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Old Elk Wheated Bourbon*Packaging may vary

Old Elk Wheated Bourbon

Bourbon /46% ABV / Colorado, United States

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Product details

Category
Bourbon
Region
Colorado, United States
ABV
46%
Tasting Notes
Caramel, Coffee, Floral, Nutty, Toasty, Vanilla
Years Aged
5
Base Ingredients
Barley, Corn, Wheat

Product description

Master Distiller- Greg Metze with 14 years of experience at MGP (40+ total in distilling) Unique Ingredients- 45% Wheat (Adds the rich mouthfeel), 51% Corn, 4% Malted Barley Slow cut, no shortcuts- to leave the delicate flavors in the final product. Proofed down over weeks not days WHAT MAKES US DIFFERENT? A delicious and well-balanced wheated bourbon is looked at as a staple in a whiskey lineup. For us, it’s so much more. It elevates our portfolio and shows everything our Master Distiller, Greg Metze, can do. He brought his four decades of experience into creating Old Elk's Wheated Bourbon. The result? A smooth and premium profile. The wheat allows for the corn's natural flavors to shine through with some sweetness and the barrel's light vanilla notes. MASTER DISTILLER If you know him, you know he's the MVP of whiskey. If you don't it's because he's humble in his work but a legend in the category. Old Elk's Master Distiller, Greg Metze, has over 40 years of distilling experience, 14 of which were spent as the Master Distiller for MGP - a total tenure of 38 years under one roof. During that period the US went through a resurgence in the brown spirits category and his name is likely behind many of the whiskeys you see on your shelf today. SLOW CUT PROOFING All bourbon is taken out of the barrel at cask strength. It’s then "proofed" with water to bring it to bottle strength. Traditionally, this process takes 24-48 hours. However, we choose to do it for significantly longer at very small increments. WHY? When you add water to alcohol, heat is generated. At a distillery scale, it’s hundreds of gallons at a time – which creates enough heat to literally boil off some of the lighter, finer flavors. Our choice is to extend the life of the proofing time by adding the same total amount of fresh Colorado mountain water over multiple weeks (instead of days) to keep the bourbon cool, allowing us to bottle every last drop of flavor.

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Community reviews

51 Reviews
5
(3)
4
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3
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2
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1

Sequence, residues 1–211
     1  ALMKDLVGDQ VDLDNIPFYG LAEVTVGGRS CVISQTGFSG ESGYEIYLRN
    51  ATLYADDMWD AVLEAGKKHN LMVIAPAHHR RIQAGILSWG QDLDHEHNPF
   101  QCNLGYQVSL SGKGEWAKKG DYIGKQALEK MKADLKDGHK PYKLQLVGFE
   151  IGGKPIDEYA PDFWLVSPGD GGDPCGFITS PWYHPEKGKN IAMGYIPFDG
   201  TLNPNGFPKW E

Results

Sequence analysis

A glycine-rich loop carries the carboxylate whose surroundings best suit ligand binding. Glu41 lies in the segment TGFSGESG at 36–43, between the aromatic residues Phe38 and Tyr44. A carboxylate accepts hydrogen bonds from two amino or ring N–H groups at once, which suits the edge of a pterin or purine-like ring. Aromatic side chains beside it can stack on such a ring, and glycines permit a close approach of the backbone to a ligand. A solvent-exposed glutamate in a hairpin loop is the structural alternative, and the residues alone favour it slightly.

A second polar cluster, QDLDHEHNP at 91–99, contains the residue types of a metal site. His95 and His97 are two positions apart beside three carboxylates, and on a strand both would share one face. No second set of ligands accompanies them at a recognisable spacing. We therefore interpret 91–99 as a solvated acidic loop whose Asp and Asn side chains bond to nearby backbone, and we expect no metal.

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Newest
  • WILLIAM

    On the sweet side, yet complex enough to keep you sipping. Overall delicious.

FAQs

Bourbon is a corn-based, aged spirit that, while legally can be produced anywhere in the U.S., is Kentucky’s signature liquor; in fact, Kentucky distilleries make 95% of the world’s bourbon and the Bluegrass State hosts over a million visitors annually for bourbon tasting tourism.
Because of the liquor’s aging process variation, bourbon’s colors range from light amber to dark caramel and each bottle must contain at least 40% ABV. Bourbon can only be called bourbon if it’s aged in an oak barrel; barrels must be new and are pre-charred to help the liquid extract as much flavor as possible from the wood.
Much like how a square is a rectangle, but a rectangle is not a square, bourbon is a whiskey — but because of the stricter standards set for bourbon distillers, most whiskies are not considered bourbons.
While both whiskey and bourbon are made from the same base ingredients (a predominantly corn mash, yeast and water), a spirit can only be called bourbon if it’s crafted in the United States, surpasses a minimum 40% ABV and is aged in new, charred, white oak barrels. Bourbons are generally on the younger side of the whiskey family (compared to older whiskies like scotch) and thus deliver a sweeter profile.
Bourbon’s ingredient list is short and sweet (literally): corn, other grains, water and yeast. Barley, wheat and rye grains are often featured in the mash composition alongside the liquor’s signature corn base, but even so, the FDA considers straight bourbon as a gluten-free product that is safe for those with Celiac Disease or for individuals who suffer from other forms of gluten intolerance.
Raise a glass to science: While rye, barley and wheat all contain the gluten protein, the actual gluten is removed during the bourbon’s distillation process, in which the gluten molecules are separated from the actual distillate used to make the final product.
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